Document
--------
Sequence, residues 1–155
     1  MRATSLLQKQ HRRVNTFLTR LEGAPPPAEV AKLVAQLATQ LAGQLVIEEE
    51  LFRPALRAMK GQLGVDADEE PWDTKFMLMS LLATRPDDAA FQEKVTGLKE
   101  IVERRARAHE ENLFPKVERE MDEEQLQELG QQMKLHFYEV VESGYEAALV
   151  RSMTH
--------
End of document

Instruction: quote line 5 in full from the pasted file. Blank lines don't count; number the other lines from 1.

   151  RSMTH